Shield Silhouette PNG Transparent Images

Download best HD quality free Shield Silhouette PNG Transparent Images backgrounds which is available in various dimensions and pixels. To download the original resolution of silhouette PNG, click on the below thumbnail image.

License Info: Creative Commons 4.0 BY-NC

Uploaded on on Sep 5, 2021


S.H.I.E.L.D. is fictional counter-terrorism, espionage, and special law enforcement agency that appears in American comic books published by Marvel Comics. It was first published in Strange Tales #135 (August 1965) by Stan Lee and Jack Kirby, and it frequently deals with paranormal and superhuman dangers to world security.

Supreme Headquarters, International Espionage, and Law-Enforcement Division was the acronym’s original meaning. Strategic Hazard Intervention Espionage Logistics Directorate was renamed in 1991. The backronym stands for Strategic Homeland Intervention, Enforcement, and Logistics Division in the Marvel Cinematic Universe’s numerous films, as well as multiple animated and live-action television programs.

The debut of S.H.I.E.L.D. in Strange Tales with “Nick Fury, Agent of S.H.I.E.L.D.” coincided with a trend for action shows about secret international intelligence agencies with catchy acronyms, such as television’s The Man from U.N.C.L.E., which Stan Lee stated in a 2014 interview was the inspiration for him to create the organization. Colonel Fury (originally the primary character in Marvel Comics’ World War II series Sgt. Fury and his Howling Commandos) was reinvented as a little older figure with an eyepatch (something he lacked in his wartime escapades) and named the organization’s leader. Some Sgt. Fury figures returned as S.H.I.E.L.D. Operatives, most notably Timothy “Dum-Dum” Dugan, Fury’s bowler hat-wearing aide-de-camp.


In its first appearance, S.H.I.E.L.D. was presented as an existing, full-fledged entity, with Tony Stark in charge of the Special Weaponry section and Fury witnessing a meeting of the Supreme International Council with “some of the most famous joes from every nation” (then “half the leaders of the free world” a page later). Much has been disclosed throughout the years to fill in the gaps in the company’s convoluted organizational history. Except for two issues, one penned by Kirby himself (#148) and one scripted by Dennis O’Neil (#149), Stan Lee wrote each tale until Strange Tales #152 (Jan. 1967), aided by artist Kirby’s co-planning or complete plotting. Following an issue scripted by Roy Thomas (#153) and one co-written by Thomas and new series artist Jim Steranko, came the sole-writer debut of Steranko”who had started on the feature as a penciller-inker of Kirby layouts in #151 (Dec. 1966), taken over the every-other-issue “Nick Fury” cover art with #153 two months later, and full writing with #155. (April 1967).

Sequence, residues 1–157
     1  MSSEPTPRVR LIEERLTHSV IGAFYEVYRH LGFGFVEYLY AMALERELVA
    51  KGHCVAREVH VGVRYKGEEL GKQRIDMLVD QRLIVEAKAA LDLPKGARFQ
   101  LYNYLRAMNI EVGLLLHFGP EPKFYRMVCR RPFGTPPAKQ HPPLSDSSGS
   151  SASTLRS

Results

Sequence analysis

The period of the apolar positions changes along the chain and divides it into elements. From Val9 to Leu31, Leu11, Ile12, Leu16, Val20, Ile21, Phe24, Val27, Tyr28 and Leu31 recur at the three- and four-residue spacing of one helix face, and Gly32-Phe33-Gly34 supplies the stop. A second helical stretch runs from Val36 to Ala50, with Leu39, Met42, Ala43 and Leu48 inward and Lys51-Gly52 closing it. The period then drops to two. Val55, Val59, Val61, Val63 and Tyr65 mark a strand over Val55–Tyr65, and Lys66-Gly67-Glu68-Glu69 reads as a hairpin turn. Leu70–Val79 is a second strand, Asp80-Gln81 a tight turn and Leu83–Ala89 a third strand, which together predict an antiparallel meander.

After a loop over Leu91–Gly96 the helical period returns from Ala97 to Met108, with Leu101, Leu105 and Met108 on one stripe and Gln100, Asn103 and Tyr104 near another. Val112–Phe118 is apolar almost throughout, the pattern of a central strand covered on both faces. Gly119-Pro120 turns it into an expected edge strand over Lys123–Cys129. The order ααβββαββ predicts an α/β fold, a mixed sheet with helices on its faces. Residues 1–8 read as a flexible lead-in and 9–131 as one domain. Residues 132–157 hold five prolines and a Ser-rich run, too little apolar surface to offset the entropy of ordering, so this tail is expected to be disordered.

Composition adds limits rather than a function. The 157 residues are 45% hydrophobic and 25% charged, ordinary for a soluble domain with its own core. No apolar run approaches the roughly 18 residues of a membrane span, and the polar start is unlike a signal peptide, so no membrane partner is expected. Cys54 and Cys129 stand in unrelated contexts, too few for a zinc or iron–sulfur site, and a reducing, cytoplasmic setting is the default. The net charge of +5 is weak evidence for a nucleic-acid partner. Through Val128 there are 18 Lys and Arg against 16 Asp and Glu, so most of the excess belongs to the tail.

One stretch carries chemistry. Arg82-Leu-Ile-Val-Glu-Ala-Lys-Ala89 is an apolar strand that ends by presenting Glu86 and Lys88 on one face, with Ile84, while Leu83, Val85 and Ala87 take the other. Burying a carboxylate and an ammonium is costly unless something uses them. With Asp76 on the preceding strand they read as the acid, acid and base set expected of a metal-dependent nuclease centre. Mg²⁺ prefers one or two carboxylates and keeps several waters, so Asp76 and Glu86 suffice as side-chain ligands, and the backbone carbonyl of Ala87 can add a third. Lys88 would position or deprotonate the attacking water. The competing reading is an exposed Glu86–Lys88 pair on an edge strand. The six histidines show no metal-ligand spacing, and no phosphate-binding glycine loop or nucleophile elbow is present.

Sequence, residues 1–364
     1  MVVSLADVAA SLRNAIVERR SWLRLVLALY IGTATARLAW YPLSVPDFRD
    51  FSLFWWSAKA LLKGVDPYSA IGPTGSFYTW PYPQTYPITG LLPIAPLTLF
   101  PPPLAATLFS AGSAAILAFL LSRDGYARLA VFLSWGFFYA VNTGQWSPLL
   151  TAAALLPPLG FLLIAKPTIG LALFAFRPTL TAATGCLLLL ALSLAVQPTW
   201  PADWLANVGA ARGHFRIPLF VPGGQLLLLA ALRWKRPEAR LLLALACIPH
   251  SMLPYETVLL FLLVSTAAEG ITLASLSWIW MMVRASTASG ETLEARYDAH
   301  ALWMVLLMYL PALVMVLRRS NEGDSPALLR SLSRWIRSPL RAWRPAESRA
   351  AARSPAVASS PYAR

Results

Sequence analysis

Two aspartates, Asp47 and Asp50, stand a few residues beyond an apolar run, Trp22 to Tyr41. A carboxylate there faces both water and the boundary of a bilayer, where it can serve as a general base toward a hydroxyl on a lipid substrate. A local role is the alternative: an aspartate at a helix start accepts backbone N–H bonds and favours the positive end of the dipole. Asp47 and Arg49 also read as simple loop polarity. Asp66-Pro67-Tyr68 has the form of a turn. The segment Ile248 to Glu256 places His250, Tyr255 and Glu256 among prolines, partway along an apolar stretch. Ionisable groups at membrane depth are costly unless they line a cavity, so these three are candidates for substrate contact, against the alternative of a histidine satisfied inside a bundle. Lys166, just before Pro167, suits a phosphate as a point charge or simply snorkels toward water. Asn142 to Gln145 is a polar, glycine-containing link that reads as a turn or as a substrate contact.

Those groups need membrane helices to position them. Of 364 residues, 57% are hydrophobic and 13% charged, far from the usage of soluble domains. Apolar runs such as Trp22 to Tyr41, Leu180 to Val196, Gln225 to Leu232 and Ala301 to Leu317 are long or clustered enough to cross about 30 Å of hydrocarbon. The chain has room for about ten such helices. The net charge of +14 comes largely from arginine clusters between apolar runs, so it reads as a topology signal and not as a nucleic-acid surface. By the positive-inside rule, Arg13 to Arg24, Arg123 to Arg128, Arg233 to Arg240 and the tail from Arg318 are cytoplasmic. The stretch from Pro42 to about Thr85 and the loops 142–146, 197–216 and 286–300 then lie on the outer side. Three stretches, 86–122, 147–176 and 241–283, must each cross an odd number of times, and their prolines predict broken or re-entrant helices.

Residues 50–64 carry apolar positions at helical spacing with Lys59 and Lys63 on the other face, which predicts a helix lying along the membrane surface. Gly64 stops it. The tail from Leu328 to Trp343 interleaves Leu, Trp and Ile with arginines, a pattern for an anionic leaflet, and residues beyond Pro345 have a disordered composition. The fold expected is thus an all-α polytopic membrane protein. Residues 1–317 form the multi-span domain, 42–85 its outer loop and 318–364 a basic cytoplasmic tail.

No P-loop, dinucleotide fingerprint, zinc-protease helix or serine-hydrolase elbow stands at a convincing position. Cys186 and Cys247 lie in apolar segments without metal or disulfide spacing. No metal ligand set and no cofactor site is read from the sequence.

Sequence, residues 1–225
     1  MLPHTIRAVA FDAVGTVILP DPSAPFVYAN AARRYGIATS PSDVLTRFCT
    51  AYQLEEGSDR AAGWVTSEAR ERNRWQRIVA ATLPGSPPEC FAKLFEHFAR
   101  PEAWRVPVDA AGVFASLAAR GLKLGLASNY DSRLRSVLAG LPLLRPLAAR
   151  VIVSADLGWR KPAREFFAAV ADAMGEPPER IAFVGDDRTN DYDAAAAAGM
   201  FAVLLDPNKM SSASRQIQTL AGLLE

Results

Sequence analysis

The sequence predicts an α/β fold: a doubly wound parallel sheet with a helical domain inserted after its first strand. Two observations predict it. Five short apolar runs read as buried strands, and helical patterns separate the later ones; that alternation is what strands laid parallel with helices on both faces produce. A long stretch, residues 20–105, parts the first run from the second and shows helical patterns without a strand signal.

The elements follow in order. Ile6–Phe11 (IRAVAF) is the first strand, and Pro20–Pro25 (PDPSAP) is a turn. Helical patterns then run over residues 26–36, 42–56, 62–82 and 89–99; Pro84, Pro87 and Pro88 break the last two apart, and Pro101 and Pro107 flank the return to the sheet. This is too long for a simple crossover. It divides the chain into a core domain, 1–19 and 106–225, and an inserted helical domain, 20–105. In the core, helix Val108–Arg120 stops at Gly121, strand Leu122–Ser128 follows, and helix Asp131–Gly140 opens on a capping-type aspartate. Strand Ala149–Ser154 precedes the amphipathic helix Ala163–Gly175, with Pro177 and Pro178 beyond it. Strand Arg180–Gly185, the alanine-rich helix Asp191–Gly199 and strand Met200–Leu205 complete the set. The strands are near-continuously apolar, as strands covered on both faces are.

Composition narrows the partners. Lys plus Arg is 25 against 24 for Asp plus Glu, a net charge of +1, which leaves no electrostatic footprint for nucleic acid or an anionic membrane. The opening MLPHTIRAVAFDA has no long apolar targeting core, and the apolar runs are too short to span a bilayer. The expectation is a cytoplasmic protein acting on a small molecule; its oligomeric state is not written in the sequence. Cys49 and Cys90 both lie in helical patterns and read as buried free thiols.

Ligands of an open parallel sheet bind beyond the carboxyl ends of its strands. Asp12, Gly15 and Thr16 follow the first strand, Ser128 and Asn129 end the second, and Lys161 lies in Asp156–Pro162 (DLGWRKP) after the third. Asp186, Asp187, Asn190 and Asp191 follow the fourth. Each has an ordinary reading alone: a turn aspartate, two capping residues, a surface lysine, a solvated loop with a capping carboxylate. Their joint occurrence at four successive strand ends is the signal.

Steranko, according to Larry Hama, “Jack Kirby’s figurative energy was blended with modern design principles. The visual inspirations of Peter Max, Op Art, and Andy Warhol were woven into the pages’ design, which was done as a whole rather than as a sequence of panels. All of this is done in a razor-sharp, hard-edged manner that’s brimming with drama and anatomical tension “.

The series received two Alley Awards in 1967 and 1968 and was entered into the awards Hall of Fame in the latter year. In 2006, Steranko was inducted into the Comic Book Hall of Fame. The 12-page feature ran through Strange Tales #168, sharing the “split book” with the occult feature “Doctor Strange” each issue, before being spun off into its own series of the same name, which ran 15 issues (June 1968″November 1969), followed by three all-reprint issues a year later (November 1970″March 1971). Issues #1″3 and #5, as well as the covers of #1″7, were written and drawn by Steranko.

Download Shield Silhouette PNG Transparent Images background

Related Silhouette PNG: